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Our power, their dollars

Niagara_power_project_scenic Back in the 1950s, to settle a vehement argument between Robert Moses and local officials over who would build and operate a new hydropower plant near Niagara Falls, Congress settled the issue by saying the state could have the plant, but industries in Western New York would get more than one-third of what was generated there.

That approach worked well until earlier this decade, when a number of large power customers shuttered their plants and other companies lost part of their allocations because they shed jobs, a major criteria for getting the power in the first place. That left the New York Power Authority with nearly a quarter of the region's share of the low-cost hydropower.

As I report today in The Buffalo News, the authority, working with local economic development officials, were slow to find takers for the power, and instead sold it on the open market at a big profit. I've calculated the return, through the end of this year, at $161 million. Little of the money has come back to Western New York.

Instead, the authority, under orders from the the governor and state legislature, has spent about half of it to subsidize the energy bills of some 700 companies statewide, few of them from WNY. The other half has gone into, among other things, authority operations, including a gold-plated bureaucracy. Read this for details.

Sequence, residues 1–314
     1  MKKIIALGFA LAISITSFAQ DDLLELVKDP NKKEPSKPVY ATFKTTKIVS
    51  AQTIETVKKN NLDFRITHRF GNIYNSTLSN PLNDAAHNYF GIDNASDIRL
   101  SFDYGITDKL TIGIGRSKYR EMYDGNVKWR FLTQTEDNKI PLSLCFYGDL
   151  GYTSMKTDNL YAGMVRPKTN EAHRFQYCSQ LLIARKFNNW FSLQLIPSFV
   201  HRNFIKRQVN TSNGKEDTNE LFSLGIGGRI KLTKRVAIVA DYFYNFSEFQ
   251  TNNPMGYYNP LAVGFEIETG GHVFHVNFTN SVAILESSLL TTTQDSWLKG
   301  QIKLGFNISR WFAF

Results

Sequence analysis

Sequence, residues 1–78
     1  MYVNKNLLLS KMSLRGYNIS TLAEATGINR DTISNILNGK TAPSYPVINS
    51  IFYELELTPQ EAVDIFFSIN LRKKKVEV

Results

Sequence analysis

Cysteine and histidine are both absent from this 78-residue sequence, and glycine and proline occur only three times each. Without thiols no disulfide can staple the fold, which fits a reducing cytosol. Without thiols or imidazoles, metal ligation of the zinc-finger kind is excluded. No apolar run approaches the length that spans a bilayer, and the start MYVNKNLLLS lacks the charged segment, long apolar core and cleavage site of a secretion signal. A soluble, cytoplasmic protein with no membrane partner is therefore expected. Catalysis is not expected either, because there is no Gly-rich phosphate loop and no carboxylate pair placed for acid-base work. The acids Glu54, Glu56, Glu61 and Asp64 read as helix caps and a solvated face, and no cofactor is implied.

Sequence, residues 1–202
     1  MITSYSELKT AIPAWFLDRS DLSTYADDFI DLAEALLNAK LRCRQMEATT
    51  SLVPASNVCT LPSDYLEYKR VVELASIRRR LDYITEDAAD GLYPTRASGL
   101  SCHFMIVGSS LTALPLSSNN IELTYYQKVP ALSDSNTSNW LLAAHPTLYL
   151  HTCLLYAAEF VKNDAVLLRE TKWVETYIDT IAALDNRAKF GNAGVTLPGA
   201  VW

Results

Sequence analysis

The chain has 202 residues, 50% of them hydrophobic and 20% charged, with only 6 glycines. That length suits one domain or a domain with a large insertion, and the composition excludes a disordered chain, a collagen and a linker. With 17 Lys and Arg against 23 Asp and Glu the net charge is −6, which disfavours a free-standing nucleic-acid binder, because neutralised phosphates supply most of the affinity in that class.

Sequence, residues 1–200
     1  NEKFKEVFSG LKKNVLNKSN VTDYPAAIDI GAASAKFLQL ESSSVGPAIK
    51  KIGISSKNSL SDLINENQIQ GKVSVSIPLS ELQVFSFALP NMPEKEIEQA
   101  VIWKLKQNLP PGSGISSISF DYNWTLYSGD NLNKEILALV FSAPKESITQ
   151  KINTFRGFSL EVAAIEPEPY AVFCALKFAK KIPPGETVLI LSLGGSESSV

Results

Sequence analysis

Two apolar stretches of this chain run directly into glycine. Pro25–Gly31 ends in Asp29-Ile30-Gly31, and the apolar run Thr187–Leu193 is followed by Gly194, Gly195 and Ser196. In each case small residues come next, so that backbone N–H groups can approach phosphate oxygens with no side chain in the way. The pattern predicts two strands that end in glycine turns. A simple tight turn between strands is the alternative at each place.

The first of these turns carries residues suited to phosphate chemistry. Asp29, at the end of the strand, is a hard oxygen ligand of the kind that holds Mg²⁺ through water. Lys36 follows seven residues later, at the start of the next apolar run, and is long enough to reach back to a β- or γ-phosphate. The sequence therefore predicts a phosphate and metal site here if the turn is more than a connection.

These profits are part of the reason why the Niagara Power Project, the nation's second-largest hydropower plant, has posted record earnings the past three years. The plant provides the authority with most of its net revenue.

"It's their cash cow," said George Maziarz, chairman of the state Senate Energy Committee.

He and a number of other local officials are fed up with the situation, saying the money needs to remain in the community and the criteria used to allocate power needs to be amended. While the authority has found takers for almost all of the unused power, it's going to take up to three years for all of it to be put to use, and in the meantime, the authority will keep selling what's unused. Ditto for any power that becomes available.

To follow up today's story, this blog will post interviews the balance of the week with officials with varying degrees of influence to do something about this. On tap are Maziarz, Congressman Brian Higgins, Niagara Falls Mayor Paul Dyster and D. Patrick Curley, who represents WNY on the authority's governing board. I'll start tomorrow with Dyster.

tagged

Hyrdopower | New York Power Authority
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